It is difficult to see how the Chief Secretary could have gone beyond this general and unexceptionable proposition, since the Conservative manifesto for the European elections next year has not been written. There is every reason to believe that it will be a positive, balanced and constructive document which is acceptable to a wide span of opinion within the party.
This is perhaps an appropriate occasion to offer a general comment on the vexed question of 'federalism'. I am, of course, aware that to some politicians and commentators in this country this word means no more and no less than 'excessive centralism'. If we are clear that this is what we are talking about - as the Prime Minister has been on many occasions in the House of Commons - then, of course, the Conservative Party, unlike its opponents, is an anti- federalist party.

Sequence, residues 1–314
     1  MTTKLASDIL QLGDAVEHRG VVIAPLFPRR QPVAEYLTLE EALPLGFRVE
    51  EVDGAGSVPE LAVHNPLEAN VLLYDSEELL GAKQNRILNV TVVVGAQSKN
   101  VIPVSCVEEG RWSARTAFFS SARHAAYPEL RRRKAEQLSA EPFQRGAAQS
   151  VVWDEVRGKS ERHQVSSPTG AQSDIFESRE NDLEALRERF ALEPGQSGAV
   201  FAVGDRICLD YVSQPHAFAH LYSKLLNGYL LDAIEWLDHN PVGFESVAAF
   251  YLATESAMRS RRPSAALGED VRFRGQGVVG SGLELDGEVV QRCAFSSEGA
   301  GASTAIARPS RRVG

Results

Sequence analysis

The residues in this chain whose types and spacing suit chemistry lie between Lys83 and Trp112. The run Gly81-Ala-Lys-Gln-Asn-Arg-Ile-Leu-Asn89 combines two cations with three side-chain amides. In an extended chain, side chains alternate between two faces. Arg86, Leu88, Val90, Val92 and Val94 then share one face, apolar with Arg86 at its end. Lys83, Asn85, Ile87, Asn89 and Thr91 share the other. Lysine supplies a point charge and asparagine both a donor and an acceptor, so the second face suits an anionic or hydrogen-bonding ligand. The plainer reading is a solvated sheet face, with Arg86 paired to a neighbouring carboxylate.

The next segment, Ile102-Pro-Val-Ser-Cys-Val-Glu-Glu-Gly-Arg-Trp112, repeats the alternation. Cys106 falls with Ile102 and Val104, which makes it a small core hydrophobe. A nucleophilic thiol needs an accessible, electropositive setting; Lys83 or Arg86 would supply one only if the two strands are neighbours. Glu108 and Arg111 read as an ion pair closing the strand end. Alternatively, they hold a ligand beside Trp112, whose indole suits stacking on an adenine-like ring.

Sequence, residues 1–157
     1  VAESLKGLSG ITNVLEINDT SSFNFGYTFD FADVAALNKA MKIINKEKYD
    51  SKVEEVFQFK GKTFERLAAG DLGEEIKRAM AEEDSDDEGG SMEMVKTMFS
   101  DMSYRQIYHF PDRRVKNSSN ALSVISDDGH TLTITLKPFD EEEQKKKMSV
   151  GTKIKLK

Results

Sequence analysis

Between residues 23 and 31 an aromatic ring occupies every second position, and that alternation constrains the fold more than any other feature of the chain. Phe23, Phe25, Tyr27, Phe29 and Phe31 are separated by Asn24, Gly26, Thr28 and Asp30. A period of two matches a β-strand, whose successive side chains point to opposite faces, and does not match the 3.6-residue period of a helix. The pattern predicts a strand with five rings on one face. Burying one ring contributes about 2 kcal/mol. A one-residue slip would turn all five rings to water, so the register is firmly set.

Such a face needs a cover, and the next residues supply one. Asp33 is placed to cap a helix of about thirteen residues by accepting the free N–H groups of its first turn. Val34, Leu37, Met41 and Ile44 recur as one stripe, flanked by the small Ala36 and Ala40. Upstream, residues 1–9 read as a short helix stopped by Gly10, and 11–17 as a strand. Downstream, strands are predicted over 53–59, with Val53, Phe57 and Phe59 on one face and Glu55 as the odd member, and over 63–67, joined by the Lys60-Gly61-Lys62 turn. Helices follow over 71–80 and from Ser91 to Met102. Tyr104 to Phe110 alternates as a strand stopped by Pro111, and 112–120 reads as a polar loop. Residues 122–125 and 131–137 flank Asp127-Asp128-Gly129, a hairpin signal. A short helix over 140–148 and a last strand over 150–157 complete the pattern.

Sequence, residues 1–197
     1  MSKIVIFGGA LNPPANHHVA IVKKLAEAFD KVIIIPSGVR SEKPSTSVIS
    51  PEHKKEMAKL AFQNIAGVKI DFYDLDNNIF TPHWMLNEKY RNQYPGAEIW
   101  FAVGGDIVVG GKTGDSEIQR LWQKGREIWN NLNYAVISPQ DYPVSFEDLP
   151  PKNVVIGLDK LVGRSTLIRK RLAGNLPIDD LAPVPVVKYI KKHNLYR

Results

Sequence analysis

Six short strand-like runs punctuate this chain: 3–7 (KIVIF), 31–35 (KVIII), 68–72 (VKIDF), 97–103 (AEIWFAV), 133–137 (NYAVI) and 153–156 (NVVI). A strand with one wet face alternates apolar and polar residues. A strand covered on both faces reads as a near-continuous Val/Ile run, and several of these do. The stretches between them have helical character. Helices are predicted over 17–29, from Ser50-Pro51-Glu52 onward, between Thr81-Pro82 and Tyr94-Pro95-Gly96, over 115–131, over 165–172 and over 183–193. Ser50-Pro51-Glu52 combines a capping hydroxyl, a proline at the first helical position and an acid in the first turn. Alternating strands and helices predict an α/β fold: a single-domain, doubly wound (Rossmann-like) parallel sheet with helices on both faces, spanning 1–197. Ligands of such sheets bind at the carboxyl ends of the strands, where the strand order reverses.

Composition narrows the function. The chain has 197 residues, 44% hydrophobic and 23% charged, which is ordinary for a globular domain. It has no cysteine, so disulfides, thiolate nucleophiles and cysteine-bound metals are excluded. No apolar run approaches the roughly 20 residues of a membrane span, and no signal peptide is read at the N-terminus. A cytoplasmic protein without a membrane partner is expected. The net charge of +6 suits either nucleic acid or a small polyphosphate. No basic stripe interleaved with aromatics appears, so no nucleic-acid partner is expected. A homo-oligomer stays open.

But it should not be forgotten that the European Community, of which Britain has been a member since 1973 - with its exclusive competences, decision-making by majority vote and supranational laws - is an essentially federal structure. Such arrangements are crucial to both the establishment and success of the Single Market.
In consequence, we should beware of using anti-federalist rhetoric that might cast doubt on our party's commitment to the European Community of the Treaty of Rome, the Single European Act and those parts of the Maastricht treaty to which we have already committed ourselves.
Leader, Conservatives in the
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